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Date:   Thu, 23 Sep 2010 14:37:05 -0700
Reply-To:   Bruce Weaver <bruce.weaver@hotmail.com>
Sender:   "SPSSX(r) Discussion" <SPSSX-L@LISTSERV.UGA.EDU>
From:   Bruce Weaver <bruce.weaver@hotmail.com>
Subject:   Re: Multiple Imputation - Negative Values
In-Reply-To:   <4882530361094E19B371D1ACFFC7B277@ssw.buffalo.edu>
Content-Type:   text/plain; charset=us-ascii

Gene Maguin wrote: > > Negative or otherwise out of range values, e.g., an imputed value of 6.34 > or > 3.33 for a 1 to 5 likert type variable are certainly possible because of > the > underlying generating process. The question is what to with them. John > Graham who wrote an early piece of software was one of the early > practicioners of MI. I believe John has written about this issue. Another > person to check out is Joe Schafer who wrote a key book on MI and > developed > more software. (Let me add that in naming these two, i intend no slight to > Donald Rubin). > > Gene Maguin > >

Although I've not read the book Gene mentions, I will second his recommendation of Schafer & Graham generally. Here is list of articles I found helpful when I first started reading about missing data, including some by Schafer & Graham.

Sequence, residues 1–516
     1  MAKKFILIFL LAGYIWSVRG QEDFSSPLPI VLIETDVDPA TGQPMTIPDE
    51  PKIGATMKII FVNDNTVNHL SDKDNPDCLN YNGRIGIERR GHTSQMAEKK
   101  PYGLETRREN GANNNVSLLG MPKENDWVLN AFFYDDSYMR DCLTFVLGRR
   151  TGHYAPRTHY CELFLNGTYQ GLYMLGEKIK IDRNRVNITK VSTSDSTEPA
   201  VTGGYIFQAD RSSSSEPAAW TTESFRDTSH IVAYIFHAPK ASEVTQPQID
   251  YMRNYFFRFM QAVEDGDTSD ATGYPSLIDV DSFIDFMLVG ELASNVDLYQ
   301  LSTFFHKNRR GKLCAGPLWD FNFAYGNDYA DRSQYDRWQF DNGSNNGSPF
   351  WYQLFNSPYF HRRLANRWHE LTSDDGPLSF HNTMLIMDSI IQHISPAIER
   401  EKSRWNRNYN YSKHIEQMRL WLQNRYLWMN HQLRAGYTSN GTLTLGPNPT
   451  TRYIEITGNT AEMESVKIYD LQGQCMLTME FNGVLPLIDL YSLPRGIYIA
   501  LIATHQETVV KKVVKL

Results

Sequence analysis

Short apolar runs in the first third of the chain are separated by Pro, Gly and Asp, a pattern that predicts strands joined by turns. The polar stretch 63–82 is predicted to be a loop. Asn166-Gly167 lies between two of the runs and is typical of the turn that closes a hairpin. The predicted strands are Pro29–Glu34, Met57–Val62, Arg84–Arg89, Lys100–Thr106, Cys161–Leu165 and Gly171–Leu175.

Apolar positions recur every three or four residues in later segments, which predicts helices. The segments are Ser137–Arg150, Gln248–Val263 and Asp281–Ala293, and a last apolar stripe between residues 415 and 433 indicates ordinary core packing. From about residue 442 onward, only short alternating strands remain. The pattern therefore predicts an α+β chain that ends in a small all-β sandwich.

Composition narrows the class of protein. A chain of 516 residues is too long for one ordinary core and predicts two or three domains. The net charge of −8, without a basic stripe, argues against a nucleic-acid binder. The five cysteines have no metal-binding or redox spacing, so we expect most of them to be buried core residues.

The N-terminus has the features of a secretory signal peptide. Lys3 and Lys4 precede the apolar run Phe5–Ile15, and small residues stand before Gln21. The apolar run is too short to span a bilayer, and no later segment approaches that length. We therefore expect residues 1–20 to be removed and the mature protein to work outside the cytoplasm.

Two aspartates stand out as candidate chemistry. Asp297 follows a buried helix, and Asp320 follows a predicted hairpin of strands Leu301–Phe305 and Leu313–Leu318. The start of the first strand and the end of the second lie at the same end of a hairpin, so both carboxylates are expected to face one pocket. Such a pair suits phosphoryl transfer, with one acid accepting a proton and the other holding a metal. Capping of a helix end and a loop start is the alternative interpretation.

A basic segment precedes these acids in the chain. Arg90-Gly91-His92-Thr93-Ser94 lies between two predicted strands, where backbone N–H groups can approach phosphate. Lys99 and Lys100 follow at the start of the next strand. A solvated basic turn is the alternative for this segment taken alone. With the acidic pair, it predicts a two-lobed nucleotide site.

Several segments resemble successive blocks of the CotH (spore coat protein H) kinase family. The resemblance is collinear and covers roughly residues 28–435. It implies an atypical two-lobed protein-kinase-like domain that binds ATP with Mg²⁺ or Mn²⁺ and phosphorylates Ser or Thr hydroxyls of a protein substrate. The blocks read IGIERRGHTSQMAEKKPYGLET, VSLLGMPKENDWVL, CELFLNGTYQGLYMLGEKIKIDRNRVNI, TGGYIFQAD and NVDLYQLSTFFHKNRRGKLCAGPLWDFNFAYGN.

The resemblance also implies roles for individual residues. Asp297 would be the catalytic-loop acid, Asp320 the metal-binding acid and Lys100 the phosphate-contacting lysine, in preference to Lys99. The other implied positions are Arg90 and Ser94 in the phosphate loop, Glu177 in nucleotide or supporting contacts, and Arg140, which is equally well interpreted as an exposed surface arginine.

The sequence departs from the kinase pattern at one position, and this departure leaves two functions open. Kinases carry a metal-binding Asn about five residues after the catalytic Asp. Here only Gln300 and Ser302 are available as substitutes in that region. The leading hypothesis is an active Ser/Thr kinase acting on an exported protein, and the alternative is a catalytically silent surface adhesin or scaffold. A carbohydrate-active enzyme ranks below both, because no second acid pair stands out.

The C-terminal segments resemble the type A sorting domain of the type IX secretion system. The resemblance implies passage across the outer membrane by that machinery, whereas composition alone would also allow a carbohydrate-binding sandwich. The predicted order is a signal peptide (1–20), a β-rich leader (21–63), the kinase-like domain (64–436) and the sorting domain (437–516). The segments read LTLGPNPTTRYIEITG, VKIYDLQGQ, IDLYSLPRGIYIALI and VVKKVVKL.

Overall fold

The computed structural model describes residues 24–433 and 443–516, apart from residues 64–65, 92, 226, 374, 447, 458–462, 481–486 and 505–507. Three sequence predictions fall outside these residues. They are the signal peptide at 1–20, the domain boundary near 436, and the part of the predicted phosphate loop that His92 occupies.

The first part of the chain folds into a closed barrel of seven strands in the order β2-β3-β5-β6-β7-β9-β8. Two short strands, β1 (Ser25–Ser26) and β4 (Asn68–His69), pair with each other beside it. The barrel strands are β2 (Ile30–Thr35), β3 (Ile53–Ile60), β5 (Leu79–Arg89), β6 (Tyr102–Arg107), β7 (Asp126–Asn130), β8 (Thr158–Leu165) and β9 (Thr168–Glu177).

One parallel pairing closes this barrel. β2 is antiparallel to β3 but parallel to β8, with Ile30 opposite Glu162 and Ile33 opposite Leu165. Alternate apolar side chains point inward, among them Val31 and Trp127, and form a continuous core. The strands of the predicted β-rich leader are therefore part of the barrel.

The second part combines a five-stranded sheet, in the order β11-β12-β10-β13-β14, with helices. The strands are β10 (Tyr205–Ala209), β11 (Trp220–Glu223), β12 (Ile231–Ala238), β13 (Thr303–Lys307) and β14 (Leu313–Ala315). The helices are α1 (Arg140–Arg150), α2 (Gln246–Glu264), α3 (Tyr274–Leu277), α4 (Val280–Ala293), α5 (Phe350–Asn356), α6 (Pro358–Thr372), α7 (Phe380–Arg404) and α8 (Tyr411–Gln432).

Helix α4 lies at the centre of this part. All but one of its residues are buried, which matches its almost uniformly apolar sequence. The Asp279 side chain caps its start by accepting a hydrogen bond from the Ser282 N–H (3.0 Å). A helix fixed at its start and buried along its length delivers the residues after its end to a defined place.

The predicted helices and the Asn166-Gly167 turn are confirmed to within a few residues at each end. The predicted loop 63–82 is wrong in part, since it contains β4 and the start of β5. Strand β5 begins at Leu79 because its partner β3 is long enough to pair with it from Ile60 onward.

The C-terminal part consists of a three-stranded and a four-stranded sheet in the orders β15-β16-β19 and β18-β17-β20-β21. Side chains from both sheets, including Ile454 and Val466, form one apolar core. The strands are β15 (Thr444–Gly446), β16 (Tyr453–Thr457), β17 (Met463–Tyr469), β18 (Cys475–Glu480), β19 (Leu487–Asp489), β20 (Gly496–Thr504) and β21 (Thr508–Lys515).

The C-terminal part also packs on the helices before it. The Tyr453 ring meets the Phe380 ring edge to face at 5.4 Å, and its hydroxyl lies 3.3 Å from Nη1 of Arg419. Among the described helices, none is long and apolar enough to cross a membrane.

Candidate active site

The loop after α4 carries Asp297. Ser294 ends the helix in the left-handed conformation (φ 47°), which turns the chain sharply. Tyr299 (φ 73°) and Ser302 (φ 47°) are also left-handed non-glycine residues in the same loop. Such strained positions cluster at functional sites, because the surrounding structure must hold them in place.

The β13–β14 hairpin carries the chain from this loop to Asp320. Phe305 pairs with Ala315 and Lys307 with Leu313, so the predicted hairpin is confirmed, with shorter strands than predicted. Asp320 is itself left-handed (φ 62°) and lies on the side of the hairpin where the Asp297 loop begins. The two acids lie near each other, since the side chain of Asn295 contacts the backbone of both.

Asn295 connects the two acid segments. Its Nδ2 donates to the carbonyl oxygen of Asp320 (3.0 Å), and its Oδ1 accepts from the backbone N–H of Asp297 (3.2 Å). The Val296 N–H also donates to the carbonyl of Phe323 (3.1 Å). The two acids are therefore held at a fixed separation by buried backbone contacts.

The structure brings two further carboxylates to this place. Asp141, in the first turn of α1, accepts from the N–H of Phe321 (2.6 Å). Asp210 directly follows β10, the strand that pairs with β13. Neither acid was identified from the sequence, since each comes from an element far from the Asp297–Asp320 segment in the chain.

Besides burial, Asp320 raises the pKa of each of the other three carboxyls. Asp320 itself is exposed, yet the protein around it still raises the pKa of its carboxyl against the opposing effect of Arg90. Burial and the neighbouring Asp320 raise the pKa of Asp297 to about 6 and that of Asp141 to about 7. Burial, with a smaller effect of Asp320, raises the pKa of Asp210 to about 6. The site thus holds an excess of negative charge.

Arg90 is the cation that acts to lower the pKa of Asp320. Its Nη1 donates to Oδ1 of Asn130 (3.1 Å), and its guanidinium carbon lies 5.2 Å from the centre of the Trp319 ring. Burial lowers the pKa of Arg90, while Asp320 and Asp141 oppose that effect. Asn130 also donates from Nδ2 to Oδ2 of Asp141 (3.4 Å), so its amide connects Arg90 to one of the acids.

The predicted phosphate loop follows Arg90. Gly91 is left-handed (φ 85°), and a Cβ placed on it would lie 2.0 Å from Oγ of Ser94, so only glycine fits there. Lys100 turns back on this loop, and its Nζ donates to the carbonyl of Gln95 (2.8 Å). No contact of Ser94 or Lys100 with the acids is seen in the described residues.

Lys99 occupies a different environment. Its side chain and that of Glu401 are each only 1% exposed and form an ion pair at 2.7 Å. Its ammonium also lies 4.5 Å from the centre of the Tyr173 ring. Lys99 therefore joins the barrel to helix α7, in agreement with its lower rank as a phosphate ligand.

Acock, A. C. (2005). Working with missing values. Journal of Marriage and Family, 67, 1012-1028.

Donders, A. Rogier T., van der Heijden, Geert J.M.G., Stijnen, T., & Moons, K. G. M. (2006). Review: A gentle introduction to imputation of missing values. Journal of Clinical Epidemiology, 59, 1087-1091.

Multiple Imputation Online. http://www.multiple-imputation.com/

Schafer, J. L. (1999). Multiple imputation: A primer. Statistical Methods in Medical Research, 8, 3-15.

Schafer, J. L., & Graham, J. W. (2002). Missing data: Our view of the state of the art. Psychological Methods, 7(2), 147-177.

HTH.

----- -- Bruce Weaver bweaver@lakeheadu.ca http://sites.google.com/a/lakeheadu.ca/bweaver/

"When all else fails, RTFM."

NOTE: My Hotmail account is not monitored regularly. To send me an e-mail, please use the address shown above.

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